Carnegie Mellon University

Seeding Societal Futures

What do we mean when we talk about innovation?

At a future-leaning, entrepreneurially-inclined research university like Carnegie Mellon, "innovation" is a common refrain, part of the very fabric of the place. But innovation for its own sake should not be the aim, it is vitally important to also ask questions regarding why an innovation is necessary, how it is developed and deployed, and who benefits from it.

This has been a concern of ours at Heinz College for a long time, so it’s both exciting and fitting that the Block Center has defined "Seeding Societal Futures" as one of our three primary thrusts of activity. As we look ahead toward the many ways that technology will reshape society in the coming years, the Block Center will seek to invest in innovations that are inclusive in their design, ethical in their implementation, and effective in their ability to positively impact human livelihood and well-being.

To give one example, Heinz College alumna Leah Lizarondo has founded a nonprofit, 412 Food Rescue, that is driven to eradicate food waste while simultaneously combating the problem of food insecurity in low-income communities. To date, Leah’s organization has saved over 3 million pounds of food from entering landfills through an ingenious combination of technology, analytics, and the energy of thousands of passionate volunteers. 412 Food Rescue is perfectly emblematic of the kind of sustainable, scalable, and conscientious innovation that the Block Center will champion, and you can read more about them below.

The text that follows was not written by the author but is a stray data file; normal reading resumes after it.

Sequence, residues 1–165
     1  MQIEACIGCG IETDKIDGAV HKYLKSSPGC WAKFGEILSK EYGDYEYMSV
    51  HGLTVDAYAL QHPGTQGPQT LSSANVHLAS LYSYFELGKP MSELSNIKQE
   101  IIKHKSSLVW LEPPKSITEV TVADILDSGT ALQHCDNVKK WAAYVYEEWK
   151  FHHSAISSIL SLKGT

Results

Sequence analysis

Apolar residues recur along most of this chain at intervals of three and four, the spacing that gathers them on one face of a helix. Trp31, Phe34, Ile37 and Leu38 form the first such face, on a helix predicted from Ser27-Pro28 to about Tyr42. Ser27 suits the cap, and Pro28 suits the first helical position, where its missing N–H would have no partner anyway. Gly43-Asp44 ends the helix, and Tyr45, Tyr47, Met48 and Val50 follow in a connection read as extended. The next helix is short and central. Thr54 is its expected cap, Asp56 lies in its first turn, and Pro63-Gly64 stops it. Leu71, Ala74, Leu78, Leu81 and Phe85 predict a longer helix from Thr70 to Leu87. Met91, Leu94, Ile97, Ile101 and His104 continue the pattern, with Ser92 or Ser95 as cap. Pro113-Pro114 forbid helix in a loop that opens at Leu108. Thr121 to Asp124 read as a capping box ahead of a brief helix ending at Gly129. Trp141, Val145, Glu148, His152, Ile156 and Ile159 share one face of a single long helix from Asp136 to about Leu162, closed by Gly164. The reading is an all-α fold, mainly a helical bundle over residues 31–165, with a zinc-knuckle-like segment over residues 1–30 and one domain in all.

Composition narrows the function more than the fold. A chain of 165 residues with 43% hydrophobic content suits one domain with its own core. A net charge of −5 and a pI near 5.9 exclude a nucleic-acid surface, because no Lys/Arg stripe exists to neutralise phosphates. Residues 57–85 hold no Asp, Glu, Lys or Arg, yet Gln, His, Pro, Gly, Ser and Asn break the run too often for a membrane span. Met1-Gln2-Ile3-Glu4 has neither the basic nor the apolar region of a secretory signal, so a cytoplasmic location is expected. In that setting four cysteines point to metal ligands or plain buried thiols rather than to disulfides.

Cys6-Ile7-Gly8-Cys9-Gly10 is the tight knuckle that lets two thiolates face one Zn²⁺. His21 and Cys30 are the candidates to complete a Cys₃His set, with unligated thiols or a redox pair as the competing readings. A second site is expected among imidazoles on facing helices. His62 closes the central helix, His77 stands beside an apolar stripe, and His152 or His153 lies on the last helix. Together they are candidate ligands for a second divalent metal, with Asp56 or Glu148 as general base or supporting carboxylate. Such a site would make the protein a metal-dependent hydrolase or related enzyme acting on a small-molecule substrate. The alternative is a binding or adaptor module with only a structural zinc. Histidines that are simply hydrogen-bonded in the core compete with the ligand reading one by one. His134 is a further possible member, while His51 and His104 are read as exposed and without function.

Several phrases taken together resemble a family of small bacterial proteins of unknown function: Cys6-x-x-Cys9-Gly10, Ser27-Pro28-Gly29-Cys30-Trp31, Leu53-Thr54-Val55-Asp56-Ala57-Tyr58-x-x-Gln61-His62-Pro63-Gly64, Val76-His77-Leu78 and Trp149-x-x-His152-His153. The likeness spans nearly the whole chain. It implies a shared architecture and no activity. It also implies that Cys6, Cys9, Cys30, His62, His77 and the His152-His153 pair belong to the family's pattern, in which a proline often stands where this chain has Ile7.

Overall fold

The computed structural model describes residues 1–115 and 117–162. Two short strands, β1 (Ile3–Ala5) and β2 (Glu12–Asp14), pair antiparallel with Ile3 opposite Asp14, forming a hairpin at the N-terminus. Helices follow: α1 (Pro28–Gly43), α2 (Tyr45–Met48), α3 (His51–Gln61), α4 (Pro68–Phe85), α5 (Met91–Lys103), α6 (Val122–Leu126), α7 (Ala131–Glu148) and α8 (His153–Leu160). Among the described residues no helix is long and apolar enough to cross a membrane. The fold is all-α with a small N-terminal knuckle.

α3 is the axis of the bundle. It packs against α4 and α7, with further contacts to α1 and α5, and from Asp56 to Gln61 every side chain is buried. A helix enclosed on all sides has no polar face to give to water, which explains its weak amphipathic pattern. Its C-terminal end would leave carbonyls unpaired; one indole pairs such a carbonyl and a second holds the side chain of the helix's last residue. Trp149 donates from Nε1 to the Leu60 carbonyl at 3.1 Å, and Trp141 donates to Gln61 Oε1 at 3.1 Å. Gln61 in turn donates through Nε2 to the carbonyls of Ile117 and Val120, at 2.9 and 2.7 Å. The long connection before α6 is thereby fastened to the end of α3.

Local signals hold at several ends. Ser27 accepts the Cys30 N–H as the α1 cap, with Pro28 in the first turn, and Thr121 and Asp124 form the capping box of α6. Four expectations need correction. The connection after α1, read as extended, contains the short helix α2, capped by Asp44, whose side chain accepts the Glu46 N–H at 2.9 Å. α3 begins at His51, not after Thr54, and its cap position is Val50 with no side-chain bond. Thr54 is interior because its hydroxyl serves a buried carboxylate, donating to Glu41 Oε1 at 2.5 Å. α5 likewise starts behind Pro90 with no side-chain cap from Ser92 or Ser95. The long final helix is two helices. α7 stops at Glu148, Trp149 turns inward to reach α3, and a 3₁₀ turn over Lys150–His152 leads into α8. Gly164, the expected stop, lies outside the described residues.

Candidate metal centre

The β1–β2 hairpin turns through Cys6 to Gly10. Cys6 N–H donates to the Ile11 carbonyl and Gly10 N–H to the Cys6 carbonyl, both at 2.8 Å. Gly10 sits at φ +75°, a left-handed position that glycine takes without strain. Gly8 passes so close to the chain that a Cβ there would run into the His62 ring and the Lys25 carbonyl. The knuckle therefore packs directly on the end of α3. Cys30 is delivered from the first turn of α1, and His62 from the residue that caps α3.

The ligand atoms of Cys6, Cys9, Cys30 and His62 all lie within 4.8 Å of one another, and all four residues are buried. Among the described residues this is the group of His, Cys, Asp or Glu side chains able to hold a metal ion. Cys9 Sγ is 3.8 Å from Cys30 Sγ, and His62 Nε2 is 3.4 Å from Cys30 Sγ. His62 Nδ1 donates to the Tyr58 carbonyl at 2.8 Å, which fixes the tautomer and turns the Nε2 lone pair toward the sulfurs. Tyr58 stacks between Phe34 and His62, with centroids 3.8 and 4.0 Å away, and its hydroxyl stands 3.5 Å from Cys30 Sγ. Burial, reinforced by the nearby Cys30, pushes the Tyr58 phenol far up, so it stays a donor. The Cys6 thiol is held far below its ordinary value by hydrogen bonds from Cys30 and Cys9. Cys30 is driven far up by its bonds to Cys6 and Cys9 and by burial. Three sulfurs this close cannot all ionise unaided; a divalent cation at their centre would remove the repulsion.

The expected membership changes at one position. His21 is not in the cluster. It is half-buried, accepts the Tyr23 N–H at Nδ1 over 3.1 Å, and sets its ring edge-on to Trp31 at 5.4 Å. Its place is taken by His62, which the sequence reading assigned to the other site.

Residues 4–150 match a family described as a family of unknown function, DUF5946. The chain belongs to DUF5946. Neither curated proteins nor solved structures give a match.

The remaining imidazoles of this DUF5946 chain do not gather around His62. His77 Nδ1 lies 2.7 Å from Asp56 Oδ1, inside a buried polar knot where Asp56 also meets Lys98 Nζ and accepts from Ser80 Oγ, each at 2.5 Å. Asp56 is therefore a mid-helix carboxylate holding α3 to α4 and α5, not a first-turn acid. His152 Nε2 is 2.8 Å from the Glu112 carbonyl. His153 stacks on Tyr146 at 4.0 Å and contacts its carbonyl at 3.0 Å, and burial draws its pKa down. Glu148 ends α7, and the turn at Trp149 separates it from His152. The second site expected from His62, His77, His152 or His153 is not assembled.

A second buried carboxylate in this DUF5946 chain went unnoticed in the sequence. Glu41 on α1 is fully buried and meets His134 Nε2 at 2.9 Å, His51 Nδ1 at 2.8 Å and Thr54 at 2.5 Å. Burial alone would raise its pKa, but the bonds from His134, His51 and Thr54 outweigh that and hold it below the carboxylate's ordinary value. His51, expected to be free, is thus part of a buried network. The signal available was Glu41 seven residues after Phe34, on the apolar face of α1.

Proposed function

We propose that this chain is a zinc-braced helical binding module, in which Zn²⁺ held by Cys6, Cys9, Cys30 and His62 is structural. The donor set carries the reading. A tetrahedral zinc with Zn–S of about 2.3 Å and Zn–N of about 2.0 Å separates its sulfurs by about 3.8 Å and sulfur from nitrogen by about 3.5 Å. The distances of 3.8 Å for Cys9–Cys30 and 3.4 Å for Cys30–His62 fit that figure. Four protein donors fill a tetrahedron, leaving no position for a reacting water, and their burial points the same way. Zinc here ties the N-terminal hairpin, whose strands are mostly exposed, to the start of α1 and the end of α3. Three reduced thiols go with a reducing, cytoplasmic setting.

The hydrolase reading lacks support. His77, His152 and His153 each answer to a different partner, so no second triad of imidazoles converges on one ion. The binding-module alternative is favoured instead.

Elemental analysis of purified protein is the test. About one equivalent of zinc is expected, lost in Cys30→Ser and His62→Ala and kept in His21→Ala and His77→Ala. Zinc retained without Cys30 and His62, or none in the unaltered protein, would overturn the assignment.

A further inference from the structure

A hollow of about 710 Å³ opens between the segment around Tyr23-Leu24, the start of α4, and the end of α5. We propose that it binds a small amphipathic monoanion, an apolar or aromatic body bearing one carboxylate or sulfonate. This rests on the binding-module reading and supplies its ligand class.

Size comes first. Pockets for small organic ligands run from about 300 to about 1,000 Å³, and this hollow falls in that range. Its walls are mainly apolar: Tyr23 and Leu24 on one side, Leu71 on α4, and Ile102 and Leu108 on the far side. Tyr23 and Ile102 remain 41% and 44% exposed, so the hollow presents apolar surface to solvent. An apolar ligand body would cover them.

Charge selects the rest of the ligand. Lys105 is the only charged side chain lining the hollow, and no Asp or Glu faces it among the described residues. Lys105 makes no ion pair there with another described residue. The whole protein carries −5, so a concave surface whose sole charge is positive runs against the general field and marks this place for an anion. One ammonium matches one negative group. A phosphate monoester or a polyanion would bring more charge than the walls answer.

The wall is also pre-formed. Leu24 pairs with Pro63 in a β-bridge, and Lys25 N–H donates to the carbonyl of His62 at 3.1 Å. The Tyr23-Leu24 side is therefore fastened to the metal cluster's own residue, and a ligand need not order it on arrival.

Why is this important to us? Because at Heinz College and the Block Center, we are dedicated to leveraging our key strengths in technology, analytics, and policy to promote innovations that make the world not just more efficient, but kinder, more humane, and more inclusive. We firmly believe that these end goals are not mutually exclusive.

Technology and Community Projects

The Block Center has developed a new branch of work within its “seeding societal futures” portfolio that connects the Center and CMU students with community-based, equity, technology & economic development projects.

The goal of this line of work is to:

  • Develop a series of pilot projects with Pittsburgh partners that, if successful, can be scaled to other cities and states;
  • Establish the Block Center as both a trusted community partner a national thought leader within innovation and entrepreneurship policy;
  • Serve as a ‘training ground’ for students to begin a career in high-impact, technology-based economic development.

2020-21 Projects include:

Supporting the Regional’s COVID-19 Economic Recovery Strategy - In partnership with McKinsey & Company, a team of CMU students advised by Block Executive Director Scott Andes, provided analysis and strategies to the Allegheny Conference—the region’s leading civic leadership organization—on policies and practices to help the region respond to the COVID-19 economic crisis. 

The Pittsburgh Founders Challenge - Like many tech hubs, Pittsburgh has a wellspring of young technology startups. These companies are creating new technologies that address some of societies biggest challenges such as English language literacy. However, like most cities, Pittsburgh does not have proven models of supporting and engaging with entrepreneurs to solve civic problems. The Founders Challenge aims to structure and execute local civic engagement between successful technology startups and social problems aligned with their mission.